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Sriracha wrote:

scan RFID tag, get taken directly to manufacturer's database, confirm customer name. Maybe there's something in it.

The issue would be this is technology bike shops would have to buy into. You might get a few chain branches that will invest in it but your average bike shop is living off of tiny margains. No doubt the license and equipment to scan these things won't come without an off-putting price tag. 

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Sriracha replied to Smoggysteve | 2 years ago
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Most mobile phones will scan an RFID tag.

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Dicklexic | 2 years ago
1 like

Something something blockchain, blah blah blah database.

I don't really 'get' any of that, but I DO get what a fabulous looking bike that is! Love the marbled effect in the paint. Would really like to see some more pictures...

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cdamian | 2 years ago
3 likes

Colnago’s Head of Marketing Manolo Bertocchi said, “We have been looking at the security marketing hype provided by blockchain..."

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Secret_squirrel | 2 years ago
2 likes

Some twonk at Colnago has been sipping the blockchain koolaid.  Like any database - for thats what a blockchain is - a blockchain record proves ownership of nothing and just indicates what the last update of owner information was - virtual ownership if you will.  Not the same thing at all.

The RFID tag adds nothing over a serial number on the BB shell, apart from prospective tea leafs needing to remove it differently.

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Sriracha replied to Secret_squirrel | 2 years ago
1 like

Surely the difference is this; anybody can add, remove or replace an RFID sticker and substitute one that stores the own credentials, and claim that this proves their ownership. However with a blockchain database any edits and deletions are not possible, and additions will still leave the previous details intact. So the issue is how to tie the bike immutably to the blockchain database in the first place. I'd agree that an RFID sticker might not answer that - unless it is write-once and tamper evident (like a stamped frame number!)

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Secret_squirrel replied to Sriracha | 2 years ago
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Most any database can be set up to be immutable.  Blockchain is just where the hype is.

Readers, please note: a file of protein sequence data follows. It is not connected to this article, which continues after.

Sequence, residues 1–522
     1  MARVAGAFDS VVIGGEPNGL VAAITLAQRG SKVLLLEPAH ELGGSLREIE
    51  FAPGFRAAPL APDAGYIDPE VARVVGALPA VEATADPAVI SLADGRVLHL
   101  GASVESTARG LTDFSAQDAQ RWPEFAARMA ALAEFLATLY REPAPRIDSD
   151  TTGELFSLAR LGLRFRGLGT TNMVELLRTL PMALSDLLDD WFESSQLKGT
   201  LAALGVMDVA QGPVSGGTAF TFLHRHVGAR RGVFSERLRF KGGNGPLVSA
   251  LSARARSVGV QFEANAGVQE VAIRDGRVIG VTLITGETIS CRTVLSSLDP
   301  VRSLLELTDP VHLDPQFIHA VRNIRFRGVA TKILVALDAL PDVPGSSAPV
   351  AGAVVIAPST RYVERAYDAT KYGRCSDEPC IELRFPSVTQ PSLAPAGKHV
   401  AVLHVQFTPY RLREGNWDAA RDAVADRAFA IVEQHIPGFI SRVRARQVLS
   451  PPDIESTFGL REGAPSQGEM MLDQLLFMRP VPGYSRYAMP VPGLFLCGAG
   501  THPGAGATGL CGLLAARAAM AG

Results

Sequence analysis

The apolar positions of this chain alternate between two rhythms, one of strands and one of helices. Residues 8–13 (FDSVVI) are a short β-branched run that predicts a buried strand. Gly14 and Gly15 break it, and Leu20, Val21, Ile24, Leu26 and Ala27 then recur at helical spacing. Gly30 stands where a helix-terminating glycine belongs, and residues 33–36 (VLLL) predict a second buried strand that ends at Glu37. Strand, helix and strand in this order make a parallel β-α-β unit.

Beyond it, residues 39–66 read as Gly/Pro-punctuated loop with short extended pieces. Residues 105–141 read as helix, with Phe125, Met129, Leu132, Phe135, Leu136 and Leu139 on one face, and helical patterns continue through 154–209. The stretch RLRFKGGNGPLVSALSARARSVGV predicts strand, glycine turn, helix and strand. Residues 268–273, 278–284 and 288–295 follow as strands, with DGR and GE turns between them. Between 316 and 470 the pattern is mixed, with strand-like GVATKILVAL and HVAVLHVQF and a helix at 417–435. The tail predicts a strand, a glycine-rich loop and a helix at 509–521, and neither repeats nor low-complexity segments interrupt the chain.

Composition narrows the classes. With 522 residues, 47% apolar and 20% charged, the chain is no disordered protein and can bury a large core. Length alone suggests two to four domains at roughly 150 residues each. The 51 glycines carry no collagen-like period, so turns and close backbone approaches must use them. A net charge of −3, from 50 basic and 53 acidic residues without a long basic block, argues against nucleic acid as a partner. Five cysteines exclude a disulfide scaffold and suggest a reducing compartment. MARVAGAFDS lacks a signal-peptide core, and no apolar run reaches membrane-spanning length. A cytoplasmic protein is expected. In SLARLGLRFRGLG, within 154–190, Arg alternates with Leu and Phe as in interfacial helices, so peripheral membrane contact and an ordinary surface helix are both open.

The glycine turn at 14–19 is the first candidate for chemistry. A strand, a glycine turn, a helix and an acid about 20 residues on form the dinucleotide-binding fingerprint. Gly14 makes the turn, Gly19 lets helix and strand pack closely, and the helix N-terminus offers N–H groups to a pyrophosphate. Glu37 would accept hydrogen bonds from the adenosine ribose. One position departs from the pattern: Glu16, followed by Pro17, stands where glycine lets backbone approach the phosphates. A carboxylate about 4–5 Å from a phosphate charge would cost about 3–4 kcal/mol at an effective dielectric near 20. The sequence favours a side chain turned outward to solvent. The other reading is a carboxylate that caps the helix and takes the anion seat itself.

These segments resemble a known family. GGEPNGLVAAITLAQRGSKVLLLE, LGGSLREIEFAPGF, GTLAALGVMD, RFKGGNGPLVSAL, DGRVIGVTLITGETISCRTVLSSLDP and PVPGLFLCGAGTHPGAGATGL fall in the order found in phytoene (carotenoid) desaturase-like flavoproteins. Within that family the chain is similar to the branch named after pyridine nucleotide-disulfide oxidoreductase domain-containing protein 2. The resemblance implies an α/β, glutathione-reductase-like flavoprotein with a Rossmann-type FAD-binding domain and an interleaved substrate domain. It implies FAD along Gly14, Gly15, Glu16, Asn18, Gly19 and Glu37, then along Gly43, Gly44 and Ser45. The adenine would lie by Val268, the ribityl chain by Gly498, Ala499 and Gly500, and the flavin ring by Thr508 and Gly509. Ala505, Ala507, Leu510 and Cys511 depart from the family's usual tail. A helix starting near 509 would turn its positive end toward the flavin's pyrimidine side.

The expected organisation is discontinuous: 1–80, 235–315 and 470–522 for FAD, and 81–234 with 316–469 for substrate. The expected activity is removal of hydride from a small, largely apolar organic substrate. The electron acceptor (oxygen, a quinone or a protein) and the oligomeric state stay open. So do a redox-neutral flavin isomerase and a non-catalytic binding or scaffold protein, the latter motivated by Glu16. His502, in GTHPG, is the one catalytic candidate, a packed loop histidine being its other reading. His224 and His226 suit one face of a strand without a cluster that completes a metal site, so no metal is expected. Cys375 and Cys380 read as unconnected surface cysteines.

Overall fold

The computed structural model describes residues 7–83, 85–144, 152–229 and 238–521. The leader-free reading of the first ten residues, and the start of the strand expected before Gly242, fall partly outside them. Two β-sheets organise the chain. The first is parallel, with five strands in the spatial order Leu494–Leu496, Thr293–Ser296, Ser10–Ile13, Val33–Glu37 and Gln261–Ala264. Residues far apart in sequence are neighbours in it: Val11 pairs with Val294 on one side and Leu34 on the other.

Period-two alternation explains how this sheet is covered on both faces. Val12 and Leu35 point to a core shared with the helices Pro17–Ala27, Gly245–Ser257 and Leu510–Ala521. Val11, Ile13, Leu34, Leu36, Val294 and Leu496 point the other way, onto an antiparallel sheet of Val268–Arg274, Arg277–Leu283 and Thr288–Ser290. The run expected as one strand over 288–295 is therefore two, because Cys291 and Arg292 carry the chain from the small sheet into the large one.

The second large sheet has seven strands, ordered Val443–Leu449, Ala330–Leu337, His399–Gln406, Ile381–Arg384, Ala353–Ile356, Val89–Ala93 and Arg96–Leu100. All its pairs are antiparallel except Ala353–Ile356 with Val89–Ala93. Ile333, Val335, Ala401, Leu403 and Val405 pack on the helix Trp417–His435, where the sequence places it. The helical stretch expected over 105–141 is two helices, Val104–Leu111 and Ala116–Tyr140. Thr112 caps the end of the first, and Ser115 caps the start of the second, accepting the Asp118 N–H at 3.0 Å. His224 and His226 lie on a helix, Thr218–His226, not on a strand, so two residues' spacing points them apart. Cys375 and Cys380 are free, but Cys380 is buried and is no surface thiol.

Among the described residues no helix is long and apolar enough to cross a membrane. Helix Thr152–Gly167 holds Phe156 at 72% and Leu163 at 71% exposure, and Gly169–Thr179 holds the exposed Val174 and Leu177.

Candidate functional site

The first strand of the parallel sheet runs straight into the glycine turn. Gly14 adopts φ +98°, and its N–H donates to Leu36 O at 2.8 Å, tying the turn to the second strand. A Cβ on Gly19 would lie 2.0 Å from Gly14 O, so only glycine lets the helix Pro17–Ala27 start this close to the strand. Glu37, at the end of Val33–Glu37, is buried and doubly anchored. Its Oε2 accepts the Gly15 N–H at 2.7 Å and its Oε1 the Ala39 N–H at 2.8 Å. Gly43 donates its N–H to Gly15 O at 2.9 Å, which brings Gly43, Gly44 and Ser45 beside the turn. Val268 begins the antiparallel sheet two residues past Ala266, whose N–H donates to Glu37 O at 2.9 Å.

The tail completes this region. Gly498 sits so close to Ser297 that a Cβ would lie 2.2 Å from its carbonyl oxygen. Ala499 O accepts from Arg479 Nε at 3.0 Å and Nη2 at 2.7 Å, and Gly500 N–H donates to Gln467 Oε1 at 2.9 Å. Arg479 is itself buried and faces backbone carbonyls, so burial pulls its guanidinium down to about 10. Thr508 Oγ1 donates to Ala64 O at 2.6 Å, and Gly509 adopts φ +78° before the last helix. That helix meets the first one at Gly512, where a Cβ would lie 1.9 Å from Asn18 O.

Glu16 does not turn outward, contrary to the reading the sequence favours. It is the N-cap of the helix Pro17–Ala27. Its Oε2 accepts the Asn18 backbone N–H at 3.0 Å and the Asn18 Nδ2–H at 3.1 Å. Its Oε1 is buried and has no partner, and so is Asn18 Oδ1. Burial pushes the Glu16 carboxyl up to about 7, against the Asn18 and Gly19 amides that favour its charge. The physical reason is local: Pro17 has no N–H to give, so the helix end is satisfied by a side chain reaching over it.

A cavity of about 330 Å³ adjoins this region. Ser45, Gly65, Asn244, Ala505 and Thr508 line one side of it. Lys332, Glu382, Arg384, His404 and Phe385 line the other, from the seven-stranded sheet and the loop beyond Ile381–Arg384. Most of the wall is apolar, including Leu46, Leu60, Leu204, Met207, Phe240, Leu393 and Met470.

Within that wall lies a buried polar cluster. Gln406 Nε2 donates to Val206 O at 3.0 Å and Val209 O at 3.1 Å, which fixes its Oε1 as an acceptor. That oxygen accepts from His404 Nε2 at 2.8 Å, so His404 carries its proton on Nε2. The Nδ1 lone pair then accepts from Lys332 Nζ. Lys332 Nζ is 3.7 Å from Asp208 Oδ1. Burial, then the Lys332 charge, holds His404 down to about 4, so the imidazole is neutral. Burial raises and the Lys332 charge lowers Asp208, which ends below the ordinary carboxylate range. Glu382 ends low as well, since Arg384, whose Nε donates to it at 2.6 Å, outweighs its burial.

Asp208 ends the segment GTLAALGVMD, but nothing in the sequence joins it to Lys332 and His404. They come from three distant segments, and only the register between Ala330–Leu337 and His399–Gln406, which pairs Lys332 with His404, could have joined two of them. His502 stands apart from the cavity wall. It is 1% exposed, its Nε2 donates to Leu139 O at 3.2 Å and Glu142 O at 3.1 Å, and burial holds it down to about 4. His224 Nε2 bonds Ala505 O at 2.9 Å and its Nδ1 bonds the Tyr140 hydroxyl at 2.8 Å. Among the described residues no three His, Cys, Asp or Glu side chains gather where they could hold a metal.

But essentially you are correct on the RFID.  Blockchain fails when it has to prove something in the physical world rather than as an electronic record like a cryptocurrency (and even then the holder of the wallet is king regardless of how they obtained it).  Its an identical problem to the cashing up process in a business.  The till might say you have taken £100 but your cashing up shows £98 because a £2 coin is missing - that prolly rolled under the fridge.  Its a ok audit trail - but thats all it is.

The nature of the updates also makes it fallible as it relies on a human doing it.  Who are the cops going to believe is the owner - these Lime guys whose record may not have been updated or a signed reciept or ebay auction record that can be tied back to the original owner?

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qwerty360 replied to Secret_squirrel | 2 years ago
3 likes

The design goal of blockchain was to allow a group of UNTRUSTED parties to share a common ledger.

 

Note the important part there - untrusted; Bitcoin works on the basis of lots of people securing it such that noone needs to be trusted (whereas normal finance generally requires banks/governments as trusted parties). It also relies on no party having more processing power than was used to generate the chain (the bitcoin chain changes all the time - moores law is irrelevent because security increases in line with ability to break it - but for this it only gets reprocessed during a transaction, so it probably only takes a few years to render the existing security broken)

 

As far as I can see these tags will rely on a trusted central party. At which point blockchain is generally a bloody awful solution (as standard databases held by the trusted party use a fraction of the compute resources/data to achieve the same result)

 

(TLDR: lots of people are using blockchain because it is the *amazing new tech* for *problem* when traditional tech solutions are a better solution to *problem* in every way...)

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armb replied to qwerty360 | 2 years ago
1 like

Yes, there are basically three possibilities here

  • It's a sensible design which doesn't use a blockchain at all, that's just marketing bullshit
  • It's a largely sensible design polluted by just enough blockchain for the marketing bullshit to be technically not lying
  • It's a stupid design, built around blockchain for marketing bullshit reasons

(Actually four, because it could be a design which sensibly doesn't use a blockchain but is broken for unrelated reasons.)

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samuri replied to armb | 2 years ago
1 like

The thing blockchain loons fail to do every time is ask 'is there something that needs fixing?'

If they simply did that before proposing yet another crackpot solution to something that's working fine then blockchain and it's feral children, cryptocurrencies, would have died off years ago.

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samuri replied to samuri | 2 years ago
1 like

And don't get me started on NFTs, what a bunch of melts.

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Nick T | 2 years ago
3 likes

Wtf is happening at colnago

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SimoninSpalding replied to Nick T | 2 years ago
0 likes

Ernesto sold it to venture capitalists. I don't blame him wanting to retire, but it will be run differently now. Would still have a C64 and a Master X-light if I could afford it though😍